Mark Zuckerberg officially has a wax figure. However, many reports seem to describe it as really creepy. In fact, a thing that was pointed out by many reports shows that Mark’s wax figure actually is barefoot, for whatever reason.
Naturally, the wax figure of the famous founder of Facebook was unveiled at the Madame Tussauds Fisherman’s Wharf museum. Fans of the star will be able to visit it. Starting with June 26, the museum is scheduled to officially open.
The founder of the famous and highly popular social network is shown in the wax figure wearing blue jeans, a navy T-shirt, as well as a maroon sweatshirt, which is not something unusual for Mark. In fact, the clothing is absolutely similar to what Mark has used us. The star is shown sitting cross-legged on a chair.
However, here comes the aspect that has been debated so far. Mark is shown barefoot. He is working on a laptop featuring no brand on, but which has a similar design with Apple’s products. The fact that makers have chosen to create a wax figure of the star barefoot is described as curious as possible. Mark is smiling looking quite happy in his wax figure.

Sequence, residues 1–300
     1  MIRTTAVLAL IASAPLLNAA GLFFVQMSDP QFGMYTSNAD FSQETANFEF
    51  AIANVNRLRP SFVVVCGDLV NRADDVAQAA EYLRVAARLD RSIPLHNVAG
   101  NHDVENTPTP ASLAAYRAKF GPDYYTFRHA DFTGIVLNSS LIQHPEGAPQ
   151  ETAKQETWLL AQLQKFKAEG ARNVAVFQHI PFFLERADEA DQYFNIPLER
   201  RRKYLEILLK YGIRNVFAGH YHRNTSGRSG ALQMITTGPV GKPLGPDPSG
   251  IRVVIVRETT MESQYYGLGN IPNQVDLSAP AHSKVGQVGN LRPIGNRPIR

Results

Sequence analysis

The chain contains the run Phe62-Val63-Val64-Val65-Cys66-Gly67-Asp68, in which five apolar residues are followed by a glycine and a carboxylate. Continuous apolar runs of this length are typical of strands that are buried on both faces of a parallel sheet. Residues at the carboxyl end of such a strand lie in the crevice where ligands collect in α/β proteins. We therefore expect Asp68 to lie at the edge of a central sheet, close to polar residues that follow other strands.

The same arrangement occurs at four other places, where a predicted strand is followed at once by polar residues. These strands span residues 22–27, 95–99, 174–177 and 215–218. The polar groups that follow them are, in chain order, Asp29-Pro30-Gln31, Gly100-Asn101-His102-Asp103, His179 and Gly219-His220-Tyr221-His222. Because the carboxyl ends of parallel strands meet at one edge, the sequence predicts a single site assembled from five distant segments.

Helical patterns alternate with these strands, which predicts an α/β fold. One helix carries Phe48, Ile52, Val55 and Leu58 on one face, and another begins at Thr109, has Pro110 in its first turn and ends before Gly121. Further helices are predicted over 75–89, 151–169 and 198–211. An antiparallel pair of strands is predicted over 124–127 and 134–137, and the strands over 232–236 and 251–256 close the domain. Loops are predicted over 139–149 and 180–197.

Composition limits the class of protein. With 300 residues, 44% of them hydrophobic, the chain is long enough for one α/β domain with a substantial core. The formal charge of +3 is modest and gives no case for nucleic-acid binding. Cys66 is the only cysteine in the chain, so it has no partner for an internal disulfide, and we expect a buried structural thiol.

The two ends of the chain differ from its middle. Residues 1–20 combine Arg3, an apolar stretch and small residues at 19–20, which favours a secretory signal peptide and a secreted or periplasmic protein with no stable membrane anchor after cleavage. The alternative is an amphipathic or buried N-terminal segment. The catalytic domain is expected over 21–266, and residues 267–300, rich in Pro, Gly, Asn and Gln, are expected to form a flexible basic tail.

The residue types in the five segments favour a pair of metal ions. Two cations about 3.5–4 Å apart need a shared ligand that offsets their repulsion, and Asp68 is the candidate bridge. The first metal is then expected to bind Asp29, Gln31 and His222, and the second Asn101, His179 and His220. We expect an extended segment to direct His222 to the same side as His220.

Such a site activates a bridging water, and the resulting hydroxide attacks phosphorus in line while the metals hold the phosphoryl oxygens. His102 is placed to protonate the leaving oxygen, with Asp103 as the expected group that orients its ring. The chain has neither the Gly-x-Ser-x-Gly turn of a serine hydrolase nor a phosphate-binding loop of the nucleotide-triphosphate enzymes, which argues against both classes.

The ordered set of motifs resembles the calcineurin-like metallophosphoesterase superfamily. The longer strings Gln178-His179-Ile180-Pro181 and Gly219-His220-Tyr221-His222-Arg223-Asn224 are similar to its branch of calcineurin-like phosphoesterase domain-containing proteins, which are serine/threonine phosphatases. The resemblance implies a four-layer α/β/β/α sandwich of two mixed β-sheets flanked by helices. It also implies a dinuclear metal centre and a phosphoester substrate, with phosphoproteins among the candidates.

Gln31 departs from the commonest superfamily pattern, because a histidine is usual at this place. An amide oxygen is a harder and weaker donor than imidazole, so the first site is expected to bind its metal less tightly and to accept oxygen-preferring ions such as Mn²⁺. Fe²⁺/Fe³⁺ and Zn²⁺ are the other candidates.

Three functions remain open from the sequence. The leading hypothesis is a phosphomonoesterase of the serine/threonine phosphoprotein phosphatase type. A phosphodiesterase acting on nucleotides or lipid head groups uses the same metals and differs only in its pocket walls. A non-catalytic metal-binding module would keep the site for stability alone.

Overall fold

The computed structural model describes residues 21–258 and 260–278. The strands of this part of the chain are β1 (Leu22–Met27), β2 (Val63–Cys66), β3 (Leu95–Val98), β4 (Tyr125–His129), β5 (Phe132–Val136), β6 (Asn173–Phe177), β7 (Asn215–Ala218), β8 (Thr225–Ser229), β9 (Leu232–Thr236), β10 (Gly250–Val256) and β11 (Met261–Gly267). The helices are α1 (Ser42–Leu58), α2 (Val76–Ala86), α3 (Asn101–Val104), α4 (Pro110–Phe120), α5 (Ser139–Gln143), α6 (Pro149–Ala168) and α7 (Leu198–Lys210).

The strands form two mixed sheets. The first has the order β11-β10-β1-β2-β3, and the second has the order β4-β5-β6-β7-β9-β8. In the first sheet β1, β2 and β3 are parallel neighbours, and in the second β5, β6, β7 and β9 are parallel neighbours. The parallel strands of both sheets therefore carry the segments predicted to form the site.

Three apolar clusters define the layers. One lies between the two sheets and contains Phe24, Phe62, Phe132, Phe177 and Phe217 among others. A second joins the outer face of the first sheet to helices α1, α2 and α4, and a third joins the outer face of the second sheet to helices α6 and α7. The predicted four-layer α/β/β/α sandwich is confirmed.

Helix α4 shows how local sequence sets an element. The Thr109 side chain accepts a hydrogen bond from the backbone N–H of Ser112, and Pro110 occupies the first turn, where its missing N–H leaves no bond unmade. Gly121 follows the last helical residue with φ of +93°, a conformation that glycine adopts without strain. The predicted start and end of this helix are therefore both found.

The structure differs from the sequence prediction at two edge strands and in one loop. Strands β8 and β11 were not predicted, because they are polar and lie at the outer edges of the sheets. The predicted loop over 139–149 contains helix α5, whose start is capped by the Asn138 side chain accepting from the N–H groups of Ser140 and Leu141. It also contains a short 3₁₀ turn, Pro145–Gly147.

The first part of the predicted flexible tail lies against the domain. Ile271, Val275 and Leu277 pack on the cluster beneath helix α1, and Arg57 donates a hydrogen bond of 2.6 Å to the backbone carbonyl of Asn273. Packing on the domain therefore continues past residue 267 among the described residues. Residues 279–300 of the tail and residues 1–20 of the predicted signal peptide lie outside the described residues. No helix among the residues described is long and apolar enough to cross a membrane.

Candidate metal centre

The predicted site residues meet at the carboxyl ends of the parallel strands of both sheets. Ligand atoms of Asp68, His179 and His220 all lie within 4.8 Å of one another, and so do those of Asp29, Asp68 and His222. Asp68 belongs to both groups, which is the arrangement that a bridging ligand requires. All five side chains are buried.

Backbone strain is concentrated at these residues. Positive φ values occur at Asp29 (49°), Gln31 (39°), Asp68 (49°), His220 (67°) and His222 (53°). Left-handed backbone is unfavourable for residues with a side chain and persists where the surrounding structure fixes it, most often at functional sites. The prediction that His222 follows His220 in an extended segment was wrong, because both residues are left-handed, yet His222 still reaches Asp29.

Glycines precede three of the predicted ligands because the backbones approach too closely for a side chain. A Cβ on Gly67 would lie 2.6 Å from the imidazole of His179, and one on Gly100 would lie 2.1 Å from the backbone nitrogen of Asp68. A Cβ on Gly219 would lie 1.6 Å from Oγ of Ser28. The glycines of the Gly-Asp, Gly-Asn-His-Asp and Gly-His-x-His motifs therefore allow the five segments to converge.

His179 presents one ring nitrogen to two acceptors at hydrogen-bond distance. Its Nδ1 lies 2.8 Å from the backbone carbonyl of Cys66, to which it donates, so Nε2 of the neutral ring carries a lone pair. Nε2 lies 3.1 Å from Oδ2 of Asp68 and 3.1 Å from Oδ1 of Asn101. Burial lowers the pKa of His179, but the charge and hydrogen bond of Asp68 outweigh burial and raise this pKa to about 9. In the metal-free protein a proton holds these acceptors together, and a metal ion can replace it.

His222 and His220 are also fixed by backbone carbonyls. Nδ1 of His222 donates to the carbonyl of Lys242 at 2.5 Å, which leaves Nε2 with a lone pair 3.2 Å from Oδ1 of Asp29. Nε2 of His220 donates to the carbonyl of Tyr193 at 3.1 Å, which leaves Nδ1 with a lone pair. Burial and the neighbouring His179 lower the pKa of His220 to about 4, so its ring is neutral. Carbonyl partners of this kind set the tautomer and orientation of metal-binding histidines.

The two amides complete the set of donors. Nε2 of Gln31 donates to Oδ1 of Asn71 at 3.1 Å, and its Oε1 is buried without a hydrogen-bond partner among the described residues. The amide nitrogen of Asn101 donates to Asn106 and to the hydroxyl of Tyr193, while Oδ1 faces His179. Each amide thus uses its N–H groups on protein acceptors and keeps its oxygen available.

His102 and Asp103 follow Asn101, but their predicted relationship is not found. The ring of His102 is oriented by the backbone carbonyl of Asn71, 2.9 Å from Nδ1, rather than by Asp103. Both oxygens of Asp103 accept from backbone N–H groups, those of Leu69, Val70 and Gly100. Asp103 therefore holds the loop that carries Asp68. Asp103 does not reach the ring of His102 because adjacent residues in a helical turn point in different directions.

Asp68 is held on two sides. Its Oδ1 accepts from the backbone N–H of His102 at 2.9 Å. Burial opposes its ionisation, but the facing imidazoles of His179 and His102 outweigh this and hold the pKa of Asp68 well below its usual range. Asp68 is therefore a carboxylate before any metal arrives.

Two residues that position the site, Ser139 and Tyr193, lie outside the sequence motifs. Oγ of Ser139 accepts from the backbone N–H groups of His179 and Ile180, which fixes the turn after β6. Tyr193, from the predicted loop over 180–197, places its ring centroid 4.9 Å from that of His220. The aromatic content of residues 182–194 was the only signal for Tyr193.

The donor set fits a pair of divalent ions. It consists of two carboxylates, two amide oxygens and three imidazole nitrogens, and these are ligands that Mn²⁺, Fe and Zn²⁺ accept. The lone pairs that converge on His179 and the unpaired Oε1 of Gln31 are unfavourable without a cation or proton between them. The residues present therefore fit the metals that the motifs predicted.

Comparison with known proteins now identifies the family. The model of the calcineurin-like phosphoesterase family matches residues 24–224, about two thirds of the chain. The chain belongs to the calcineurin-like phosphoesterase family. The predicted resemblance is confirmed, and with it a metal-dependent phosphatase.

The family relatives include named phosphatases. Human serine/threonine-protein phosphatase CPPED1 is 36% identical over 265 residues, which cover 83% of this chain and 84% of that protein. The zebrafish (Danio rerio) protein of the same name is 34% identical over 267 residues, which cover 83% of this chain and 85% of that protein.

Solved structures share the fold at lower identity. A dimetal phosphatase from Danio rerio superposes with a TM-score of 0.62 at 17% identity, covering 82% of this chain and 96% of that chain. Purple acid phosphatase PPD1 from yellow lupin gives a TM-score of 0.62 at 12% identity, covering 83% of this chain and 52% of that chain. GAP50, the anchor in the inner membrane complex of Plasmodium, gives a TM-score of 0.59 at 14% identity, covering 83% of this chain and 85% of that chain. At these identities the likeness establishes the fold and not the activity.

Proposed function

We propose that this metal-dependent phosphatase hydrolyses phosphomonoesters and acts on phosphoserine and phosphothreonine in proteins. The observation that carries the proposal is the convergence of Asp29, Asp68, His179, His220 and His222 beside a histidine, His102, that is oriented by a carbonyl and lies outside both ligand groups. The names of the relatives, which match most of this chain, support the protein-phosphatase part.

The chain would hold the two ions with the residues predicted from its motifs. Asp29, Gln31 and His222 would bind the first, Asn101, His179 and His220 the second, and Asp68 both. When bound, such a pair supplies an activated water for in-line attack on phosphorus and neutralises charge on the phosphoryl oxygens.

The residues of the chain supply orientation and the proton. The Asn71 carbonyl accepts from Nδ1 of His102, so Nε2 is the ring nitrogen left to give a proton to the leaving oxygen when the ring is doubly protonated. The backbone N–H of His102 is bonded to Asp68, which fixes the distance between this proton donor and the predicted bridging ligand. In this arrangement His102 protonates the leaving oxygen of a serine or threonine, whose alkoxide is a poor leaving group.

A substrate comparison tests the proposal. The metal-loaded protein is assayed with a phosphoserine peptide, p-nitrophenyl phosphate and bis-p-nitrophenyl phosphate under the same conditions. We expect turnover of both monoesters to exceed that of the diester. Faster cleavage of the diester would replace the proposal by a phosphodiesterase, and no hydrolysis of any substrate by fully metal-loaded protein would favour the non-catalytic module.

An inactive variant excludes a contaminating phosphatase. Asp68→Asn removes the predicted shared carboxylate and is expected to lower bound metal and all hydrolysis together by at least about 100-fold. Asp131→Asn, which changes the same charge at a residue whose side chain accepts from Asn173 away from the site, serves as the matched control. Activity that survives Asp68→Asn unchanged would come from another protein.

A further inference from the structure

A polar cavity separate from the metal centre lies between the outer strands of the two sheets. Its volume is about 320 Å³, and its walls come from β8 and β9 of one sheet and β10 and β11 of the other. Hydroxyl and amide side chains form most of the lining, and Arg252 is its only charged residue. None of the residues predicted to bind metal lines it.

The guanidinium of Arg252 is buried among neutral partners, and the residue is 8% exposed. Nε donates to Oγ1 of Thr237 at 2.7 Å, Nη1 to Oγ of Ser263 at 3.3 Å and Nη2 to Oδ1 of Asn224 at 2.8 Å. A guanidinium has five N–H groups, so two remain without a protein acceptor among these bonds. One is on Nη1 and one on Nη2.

The star of Facebook is accompanied by wax figures of famous actor Leonardo DiCaprio and of popular and beautiful singer Rihanna. He is actually sitting between the two stars, which makes things even more awkward. While Mark Zuckerberg’s wax figure is shown in really causal dressing, Leonardo DiCaprio’s figure is perfectly elegant, in a suit and tie.
Rihanna looks like posing for a concert, sexy and elegant, at the same time. From this point of view, many critics claim that the location chosen for the wax figure of Mark Zuckerberg was highly inappropriate. However, it seems that fans just love the wax figure of the star. Many have went to visit Mark Zuckerberg at the museum, taking photos with the star, which naturally ended up on social media sources, of course including Facebook.
If you want to take a selfie of yourself with Mark Zuckerberg, this might be the perfect occasion, at the Fisherman’s Wharf Museum in San Francisco.